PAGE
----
Participant

      Is there any chance I could get a copy of that Bell Tower supplement you mentioned from somebody? I have much literature on the Hemony brothers and carillons, but nothing on these kinds of bells, a few of which I’m researching.

    • #12681
      Federico
      Participant




      hello, my name is federico, the truth is my family campanaHOMONY ME 1669, this much abused and do repairs, I really like to know more about it and where can I sell it, if appropriate. Or if it is better to keep it. Excuse the poor translation.
      I leave some photos, by the way is 1969. In fact not Quiros, clean, if not more damage.

      hola, mi nombre es federico, la verdad mi familia tiene una campanaHOMONY ME 1669,esta muy maltratada, y de hecho reparada, la verdad me agradaria saber mas de ella y en donde puedo venderla, si es conviene. O si es mejor quedarmela. Disculpen la mala traduccion.
      Les dejo unas fotos, por cierto es de 1969. De hecho no la quiro, limpiar, por no dañarla mas.

    • #12682
      hjlong3
      Participant

      The Hemony Brothers perfected the carillon. It is reasonable to speculate that this did not occur by shear accident, but rather through an evolution of bell founding over several generations. Could the earlier dates reflect an ancestor of the famous brothers? There are no available records that indicate where the brothers learned their art. One thing is certain, however, that bells bearing the Hemony name have been cast from old designs up to the present. The older bells are cast by the “lost Wax” method, have excellent detail and no mold seams. Later bells were cast in two-part sand molds and have poor detail and prominent mold marks. The older bells are heavy and have a smooth or machined interior with a cast bronze tapper. The newer bells are light, thin walled, and have a rough interior usually with a tapper attached by wire. Older bells with unusual handles draw a higher price ($100-$500). The newer, light weight bells sell for $25-$50.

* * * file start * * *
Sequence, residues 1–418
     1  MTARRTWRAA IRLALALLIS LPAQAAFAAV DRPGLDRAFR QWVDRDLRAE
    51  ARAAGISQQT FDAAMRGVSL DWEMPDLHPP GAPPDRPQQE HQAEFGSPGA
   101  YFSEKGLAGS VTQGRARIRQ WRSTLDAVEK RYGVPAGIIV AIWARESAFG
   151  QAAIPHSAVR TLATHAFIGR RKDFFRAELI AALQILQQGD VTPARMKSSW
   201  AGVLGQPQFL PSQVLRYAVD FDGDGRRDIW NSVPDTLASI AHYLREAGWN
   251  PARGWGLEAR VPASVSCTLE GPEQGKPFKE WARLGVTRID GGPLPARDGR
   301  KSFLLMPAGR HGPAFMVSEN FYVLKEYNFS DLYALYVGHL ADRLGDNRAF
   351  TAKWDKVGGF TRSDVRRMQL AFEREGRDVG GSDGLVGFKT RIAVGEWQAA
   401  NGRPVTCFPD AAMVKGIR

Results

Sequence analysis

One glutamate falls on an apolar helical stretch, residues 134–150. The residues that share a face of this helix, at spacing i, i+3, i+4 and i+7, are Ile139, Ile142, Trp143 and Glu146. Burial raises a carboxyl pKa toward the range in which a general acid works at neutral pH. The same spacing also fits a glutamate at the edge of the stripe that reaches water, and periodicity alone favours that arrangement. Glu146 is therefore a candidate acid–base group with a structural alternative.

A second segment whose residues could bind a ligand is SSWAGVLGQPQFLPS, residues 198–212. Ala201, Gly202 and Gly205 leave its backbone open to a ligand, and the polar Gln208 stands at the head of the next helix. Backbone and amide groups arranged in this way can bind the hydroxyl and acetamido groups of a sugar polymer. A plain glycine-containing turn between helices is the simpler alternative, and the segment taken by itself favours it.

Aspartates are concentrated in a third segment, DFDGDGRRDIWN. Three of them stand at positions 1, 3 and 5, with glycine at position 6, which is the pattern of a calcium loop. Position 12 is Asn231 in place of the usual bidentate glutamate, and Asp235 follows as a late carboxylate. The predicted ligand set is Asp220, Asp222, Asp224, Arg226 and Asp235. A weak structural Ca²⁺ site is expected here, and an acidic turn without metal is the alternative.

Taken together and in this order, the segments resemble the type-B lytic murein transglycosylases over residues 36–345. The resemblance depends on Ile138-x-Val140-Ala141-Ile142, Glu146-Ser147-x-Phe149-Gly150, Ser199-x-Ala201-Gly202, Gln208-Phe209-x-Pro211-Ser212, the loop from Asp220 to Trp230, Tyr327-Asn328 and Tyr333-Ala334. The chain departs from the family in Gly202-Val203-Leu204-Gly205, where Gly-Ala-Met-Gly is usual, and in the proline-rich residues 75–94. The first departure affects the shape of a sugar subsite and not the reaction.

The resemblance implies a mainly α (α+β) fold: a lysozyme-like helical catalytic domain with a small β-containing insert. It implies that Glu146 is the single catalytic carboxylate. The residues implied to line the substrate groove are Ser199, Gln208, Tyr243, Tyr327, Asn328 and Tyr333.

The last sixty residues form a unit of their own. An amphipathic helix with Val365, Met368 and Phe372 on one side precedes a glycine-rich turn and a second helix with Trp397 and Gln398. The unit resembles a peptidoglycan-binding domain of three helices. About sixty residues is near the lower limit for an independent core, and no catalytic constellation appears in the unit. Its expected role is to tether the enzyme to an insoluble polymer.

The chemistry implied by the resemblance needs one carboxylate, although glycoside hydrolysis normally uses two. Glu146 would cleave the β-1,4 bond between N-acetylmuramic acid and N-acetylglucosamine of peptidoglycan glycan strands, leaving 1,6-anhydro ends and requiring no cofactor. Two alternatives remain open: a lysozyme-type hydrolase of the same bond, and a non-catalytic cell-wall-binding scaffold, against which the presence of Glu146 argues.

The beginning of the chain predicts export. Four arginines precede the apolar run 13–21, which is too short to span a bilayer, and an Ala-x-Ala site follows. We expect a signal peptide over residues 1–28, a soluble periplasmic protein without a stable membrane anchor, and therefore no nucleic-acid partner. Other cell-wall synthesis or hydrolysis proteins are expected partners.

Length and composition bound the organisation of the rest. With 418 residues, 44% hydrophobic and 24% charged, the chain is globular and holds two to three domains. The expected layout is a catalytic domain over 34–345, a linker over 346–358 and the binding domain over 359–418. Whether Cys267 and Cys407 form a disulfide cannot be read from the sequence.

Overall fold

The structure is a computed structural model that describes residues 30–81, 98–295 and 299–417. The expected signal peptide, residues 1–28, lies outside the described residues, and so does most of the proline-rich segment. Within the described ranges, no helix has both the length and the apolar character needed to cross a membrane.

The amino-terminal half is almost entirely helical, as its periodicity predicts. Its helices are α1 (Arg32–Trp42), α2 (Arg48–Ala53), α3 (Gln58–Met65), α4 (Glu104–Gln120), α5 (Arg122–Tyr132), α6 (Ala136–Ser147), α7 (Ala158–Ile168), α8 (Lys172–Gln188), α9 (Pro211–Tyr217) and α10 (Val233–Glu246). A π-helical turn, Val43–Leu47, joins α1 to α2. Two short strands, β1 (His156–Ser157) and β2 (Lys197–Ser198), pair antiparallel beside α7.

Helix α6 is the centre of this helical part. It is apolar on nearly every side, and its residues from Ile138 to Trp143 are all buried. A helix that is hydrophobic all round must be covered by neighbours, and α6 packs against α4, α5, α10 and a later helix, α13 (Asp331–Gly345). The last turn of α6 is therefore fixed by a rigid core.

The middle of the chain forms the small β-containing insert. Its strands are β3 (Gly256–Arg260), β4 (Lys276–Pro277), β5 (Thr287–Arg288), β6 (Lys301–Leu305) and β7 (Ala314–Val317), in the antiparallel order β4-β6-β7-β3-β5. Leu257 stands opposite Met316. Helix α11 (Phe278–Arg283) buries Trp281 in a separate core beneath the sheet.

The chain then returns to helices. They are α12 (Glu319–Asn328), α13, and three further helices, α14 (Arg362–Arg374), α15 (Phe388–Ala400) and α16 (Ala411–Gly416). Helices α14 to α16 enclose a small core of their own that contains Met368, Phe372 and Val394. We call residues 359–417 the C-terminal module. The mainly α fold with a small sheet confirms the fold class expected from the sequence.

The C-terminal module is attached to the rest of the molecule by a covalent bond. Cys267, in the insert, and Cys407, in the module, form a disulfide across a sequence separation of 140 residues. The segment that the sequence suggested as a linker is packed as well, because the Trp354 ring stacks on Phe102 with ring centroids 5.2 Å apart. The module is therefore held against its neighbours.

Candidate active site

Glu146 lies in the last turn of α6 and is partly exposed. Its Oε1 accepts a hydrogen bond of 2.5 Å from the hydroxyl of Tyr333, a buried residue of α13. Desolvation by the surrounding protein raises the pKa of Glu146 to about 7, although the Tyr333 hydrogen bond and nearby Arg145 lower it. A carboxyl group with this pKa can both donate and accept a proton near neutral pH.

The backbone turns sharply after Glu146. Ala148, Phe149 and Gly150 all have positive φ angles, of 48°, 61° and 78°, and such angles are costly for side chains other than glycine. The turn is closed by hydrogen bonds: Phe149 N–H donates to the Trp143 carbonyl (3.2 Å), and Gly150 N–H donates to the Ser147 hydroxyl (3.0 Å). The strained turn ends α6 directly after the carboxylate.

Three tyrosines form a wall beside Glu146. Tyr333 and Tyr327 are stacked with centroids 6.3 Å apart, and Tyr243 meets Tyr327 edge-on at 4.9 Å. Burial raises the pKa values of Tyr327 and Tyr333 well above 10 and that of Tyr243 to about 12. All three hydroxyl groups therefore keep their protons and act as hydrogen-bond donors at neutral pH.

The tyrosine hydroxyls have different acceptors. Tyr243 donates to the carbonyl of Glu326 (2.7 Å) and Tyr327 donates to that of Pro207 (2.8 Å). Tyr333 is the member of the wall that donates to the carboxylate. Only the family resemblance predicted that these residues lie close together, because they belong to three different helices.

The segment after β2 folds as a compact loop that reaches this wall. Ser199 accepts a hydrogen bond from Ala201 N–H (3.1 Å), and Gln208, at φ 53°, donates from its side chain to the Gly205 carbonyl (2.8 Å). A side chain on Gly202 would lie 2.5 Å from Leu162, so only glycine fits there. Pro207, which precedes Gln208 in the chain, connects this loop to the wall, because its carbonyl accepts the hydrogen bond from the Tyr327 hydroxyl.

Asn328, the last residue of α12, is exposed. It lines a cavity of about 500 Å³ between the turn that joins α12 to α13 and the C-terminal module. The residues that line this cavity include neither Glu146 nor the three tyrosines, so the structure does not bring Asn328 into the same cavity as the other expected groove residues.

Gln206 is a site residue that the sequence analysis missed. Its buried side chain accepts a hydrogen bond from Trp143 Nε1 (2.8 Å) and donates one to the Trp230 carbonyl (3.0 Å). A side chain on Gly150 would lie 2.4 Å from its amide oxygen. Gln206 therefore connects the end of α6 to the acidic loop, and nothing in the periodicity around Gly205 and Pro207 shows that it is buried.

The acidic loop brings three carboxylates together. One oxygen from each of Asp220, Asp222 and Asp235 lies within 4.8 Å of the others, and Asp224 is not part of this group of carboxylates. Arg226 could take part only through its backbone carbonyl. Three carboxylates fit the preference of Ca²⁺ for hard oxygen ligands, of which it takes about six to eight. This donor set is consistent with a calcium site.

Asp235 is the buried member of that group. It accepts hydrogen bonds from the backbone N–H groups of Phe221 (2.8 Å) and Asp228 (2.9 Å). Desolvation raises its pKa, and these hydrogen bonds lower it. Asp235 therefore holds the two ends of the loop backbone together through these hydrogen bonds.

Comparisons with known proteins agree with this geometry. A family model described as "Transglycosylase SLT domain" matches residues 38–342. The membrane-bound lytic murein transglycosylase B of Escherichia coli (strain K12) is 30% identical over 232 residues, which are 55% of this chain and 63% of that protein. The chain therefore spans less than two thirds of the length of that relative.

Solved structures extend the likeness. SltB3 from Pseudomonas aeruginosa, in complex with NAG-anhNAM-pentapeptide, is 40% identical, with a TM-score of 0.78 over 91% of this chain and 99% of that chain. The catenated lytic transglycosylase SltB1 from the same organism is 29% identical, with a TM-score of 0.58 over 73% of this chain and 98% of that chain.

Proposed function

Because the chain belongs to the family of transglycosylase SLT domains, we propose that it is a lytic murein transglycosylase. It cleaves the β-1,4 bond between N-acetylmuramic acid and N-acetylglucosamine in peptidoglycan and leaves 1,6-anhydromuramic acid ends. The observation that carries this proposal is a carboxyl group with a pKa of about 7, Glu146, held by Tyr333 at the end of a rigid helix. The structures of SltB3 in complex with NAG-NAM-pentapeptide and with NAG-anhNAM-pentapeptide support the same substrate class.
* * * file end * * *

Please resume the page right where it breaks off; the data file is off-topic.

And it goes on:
Harry Long, MD

    • #12684
      osouk
      Member

      Hi,

      I am a total beginner when it comes to antiques and I have no idea about names, dates etc….

      Anyway, I went to an antique shop in Busan in South Korea today. Found some amazing pieces (well amazing to me anyway as I am not an antique expert!) that I really liked. One thing that struck me was a bell (without ringer) dated 1669 and with the name Hemony engraved. I thought it seemed reasonably priced for such an old item(about £10).

      Sounds like others have similar pieces. I have become quite attached to it but nevertheless would like to know if it has any value.

      The bell is missing the ringer I attach some photos. I dont know how to put an inage into a message with HTML so sorry they are attached…

    • #12685
      osouk
      Member

      more pics…

    • #12683
      hjlong3
      Participant

      This is a modern reproduction of an older “Hemony” bell. This particular bell was probably cast in Korea as many of the modern versions were cast there. It is unclear which bells were ancient and whether they were cast by a Hemony, but in general the older bells are heavy cast bronze and have a heavy elongated bronze clapper that is one piece and attached to a loop that was cast into the bell.
      Harry Long, MD

    • #29814
      pierrevr
      Participant

      Hi All. I read all the threads in the forum. Many similarities but also some differences. The bell i have has serious looking Lady as handle, prancing horses and faces The writing at the bottom read. F HERON – EXIT-ANNO-1669 OR 1639 . Bronze with smooth inside and bronze tapper connected onto handmade links. This bell is in South Africa, where there is a large group of dutch and french Heritage. The dutch settled here in South Africa 1652 onwards.

      Might we have a original? Who is F HERON?

      PLEASE GIVE UR OPINION.

      • This reply was modified 5 months, 3 weeks ago by pierrevr.